When Can I Go Braless?

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You’re not the only one having an anti-bra moment. When many bra-wearing enthusiasts went out the window during the pandemic-induced lockdown, the no-bra movement, which has surfaced regularly since the 1960s, began to take hold once again (which Led, in part, by Florence Pugh above).

Yet, when it comes to the question of “to wear or not to wear a bra,” especially as we return to offices and summer draws to a close, there are really three kinds of issues: a literal one, a physical one, and a socio-cultural one.

First things first: There are virtually no rules, ie laws, governing women’s underwear. Instead, the laws focus on body parts and what can and cannot be shown. IndianaFor example, prohibits public indecency and then partially defines it as “the exposure of the female breast to any part of the nipple with less than a completely opaque covering”.

However, several states and many other cities, including New York, Utah, and Oklahoma, are also included. Madison) allowing women to be topless in public. Which also means shameless.

According to Susan Scaffidi, founder of the Fashion Law Institute, it gets a little more complicated when it comes to workplace dress codes. New York City, she said, was the first jurisdiction to insist on “complete gender neutrality,” meaning that an employer “can require a person who identifies as female to wear a bra or conceal her nipples, but only if When the same rule applies to male “employees.”

It’s possible to imagine that “SNL” would have a field day. But the current situation is better than in 2010, when investment bank UBS issued a 44 page dress codewhich, among other things, mandated that its female employees wear flesh-toned lingerie.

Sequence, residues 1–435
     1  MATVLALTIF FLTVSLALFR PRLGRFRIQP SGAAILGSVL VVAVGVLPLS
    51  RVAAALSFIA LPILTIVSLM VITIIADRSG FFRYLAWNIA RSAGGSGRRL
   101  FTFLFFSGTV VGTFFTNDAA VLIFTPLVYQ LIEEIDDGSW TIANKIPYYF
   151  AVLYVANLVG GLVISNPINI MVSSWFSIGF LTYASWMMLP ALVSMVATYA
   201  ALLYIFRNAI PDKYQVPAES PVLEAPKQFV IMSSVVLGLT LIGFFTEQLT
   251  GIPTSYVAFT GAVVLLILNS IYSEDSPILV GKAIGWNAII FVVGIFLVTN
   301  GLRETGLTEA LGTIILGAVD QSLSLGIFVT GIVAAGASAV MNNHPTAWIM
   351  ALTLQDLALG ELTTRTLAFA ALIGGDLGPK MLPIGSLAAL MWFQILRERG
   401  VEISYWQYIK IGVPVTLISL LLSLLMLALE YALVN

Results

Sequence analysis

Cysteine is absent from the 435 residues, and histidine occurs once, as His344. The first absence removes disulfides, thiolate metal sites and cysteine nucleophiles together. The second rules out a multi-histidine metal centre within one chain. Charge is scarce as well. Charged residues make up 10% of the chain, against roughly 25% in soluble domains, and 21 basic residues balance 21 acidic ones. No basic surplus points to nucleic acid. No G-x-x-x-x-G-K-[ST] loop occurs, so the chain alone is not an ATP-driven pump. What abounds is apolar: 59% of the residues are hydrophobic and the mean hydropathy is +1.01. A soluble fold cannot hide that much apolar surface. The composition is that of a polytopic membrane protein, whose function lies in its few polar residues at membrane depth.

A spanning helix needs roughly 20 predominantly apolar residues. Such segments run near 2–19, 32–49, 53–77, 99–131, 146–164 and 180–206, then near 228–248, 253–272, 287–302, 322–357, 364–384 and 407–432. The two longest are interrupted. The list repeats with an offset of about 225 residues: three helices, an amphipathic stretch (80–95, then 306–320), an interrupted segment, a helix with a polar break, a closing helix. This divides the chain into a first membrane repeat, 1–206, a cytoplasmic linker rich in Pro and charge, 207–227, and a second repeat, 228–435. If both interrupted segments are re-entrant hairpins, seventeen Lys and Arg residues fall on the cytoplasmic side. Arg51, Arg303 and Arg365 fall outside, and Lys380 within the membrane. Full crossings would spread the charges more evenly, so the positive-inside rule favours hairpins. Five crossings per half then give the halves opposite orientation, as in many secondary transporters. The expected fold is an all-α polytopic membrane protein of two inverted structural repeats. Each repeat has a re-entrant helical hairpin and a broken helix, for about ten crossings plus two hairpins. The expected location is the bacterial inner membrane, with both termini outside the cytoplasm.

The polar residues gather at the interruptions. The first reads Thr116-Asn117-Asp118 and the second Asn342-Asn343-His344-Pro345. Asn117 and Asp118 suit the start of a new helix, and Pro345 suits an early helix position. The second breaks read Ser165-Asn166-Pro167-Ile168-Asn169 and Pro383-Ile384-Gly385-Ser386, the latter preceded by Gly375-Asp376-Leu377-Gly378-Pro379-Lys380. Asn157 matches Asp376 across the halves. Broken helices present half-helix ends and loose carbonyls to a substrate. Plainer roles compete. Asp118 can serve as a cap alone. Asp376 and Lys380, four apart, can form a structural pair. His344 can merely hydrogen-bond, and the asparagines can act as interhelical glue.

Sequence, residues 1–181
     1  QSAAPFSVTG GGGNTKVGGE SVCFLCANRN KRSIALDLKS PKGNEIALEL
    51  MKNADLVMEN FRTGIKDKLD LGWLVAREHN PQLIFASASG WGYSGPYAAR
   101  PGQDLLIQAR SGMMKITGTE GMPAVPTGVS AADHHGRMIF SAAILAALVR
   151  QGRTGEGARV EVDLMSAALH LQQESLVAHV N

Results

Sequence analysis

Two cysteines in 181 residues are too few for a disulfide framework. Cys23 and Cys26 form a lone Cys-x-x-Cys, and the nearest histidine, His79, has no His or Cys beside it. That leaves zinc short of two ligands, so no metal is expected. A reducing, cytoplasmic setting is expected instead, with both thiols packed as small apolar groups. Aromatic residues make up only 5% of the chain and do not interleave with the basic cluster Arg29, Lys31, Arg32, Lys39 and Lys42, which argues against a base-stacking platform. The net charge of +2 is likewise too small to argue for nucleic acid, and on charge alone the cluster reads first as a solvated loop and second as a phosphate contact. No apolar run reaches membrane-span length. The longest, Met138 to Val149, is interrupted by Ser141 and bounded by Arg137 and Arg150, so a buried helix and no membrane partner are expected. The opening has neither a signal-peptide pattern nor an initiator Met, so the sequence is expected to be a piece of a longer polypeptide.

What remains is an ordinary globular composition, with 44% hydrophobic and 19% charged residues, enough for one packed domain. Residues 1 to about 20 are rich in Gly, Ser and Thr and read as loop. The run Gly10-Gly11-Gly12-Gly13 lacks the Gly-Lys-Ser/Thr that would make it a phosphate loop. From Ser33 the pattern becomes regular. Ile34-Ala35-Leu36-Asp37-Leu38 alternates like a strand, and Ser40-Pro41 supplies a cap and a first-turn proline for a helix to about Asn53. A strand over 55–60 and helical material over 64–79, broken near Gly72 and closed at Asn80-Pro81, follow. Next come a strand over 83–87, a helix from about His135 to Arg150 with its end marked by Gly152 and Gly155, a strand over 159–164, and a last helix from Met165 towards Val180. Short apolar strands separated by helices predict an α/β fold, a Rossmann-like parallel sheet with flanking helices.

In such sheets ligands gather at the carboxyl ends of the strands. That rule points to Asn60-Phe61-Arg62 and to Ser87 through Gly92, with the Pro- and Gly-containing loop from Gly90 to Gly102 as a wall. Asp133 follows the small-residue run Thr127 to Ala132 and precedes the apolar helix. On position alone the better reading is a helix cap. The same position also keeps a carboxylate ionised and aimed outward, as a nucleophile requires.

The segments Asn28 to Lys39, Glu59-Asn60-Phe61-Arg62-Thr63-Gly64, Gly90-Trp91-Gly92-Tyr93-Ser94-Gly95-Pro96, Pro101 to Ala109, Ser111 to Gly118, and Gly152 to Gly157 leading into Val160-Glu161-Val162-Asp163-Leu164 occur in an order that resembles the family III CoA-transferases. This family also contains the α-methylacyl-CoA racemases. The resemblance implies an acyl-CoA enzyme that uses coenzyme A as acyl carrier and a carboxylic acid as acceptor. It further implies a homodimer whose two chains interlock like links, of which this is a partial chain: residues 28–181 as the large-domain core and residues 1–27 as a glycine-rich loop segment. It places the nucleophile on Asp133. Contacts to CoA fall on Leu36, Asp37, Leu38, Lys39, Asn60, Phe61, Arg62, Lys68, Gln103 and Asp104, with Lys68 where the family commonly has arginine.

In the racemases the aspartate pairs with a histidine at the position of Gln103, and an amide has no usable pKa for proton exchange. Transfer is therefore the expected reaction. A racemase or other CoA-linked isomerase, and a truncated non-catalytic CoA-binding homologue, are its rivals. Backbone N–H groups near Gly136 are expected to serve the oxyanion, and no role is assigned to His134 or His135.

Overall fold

When it comes to federal law, Ms. Scaffidi said, “It only requires that there be gender parity with respect to burdens such as cost in dress codes.” Whether bras are an additional financial burden has yet to be resolved.

Regarding the notion that bras are essential to women’s health, Casson Blake, chair of the Department of Breast Services at Cleveland Clinic Hospital in Weston, Florida, points this out. health blog There’s no specific medical reason to wear a bra (and bras don’t prevent sagging) – although women with particularly large breasts may find a sports bra can reduce back strain.

Which brings me to the elephant – or catcall – in the room. After all, ditching the bra isn’t just about changing fashions when it comes to underwear. It’s about gender norms, the reality (and historical fear) of women’s bodies, power struggles, and sexual stereotypes.

To be faced with bare breasts, whether nipples are visible or not, is to be forced to confront deep-seated prejudices about it all, and that is upsetting and disconcerting for many people. Especially in this particular time, when control over women’s bodies and their reproductive purpose has once again become a hot political issue. It reminds me of the controversy that arose a few years back when a parent of a Notre Dame student complained about girls in leggings saying they were distracting to boys.

Of course, it’s not your job to put other people at ease or help them sort out their own feelings about any of the above. Although if you’re actually employed, it’s also true that group dynamics matter, and you might not want to spend a great deal of time with co-workers discussing your breasts. However, at least for now, it’s still your choice.

Each week on Open Thread, Vanessa will answer a reader’s fashion-related question, which you can send her any time E-mail Or Twitter, Questions have been edited and condensed.



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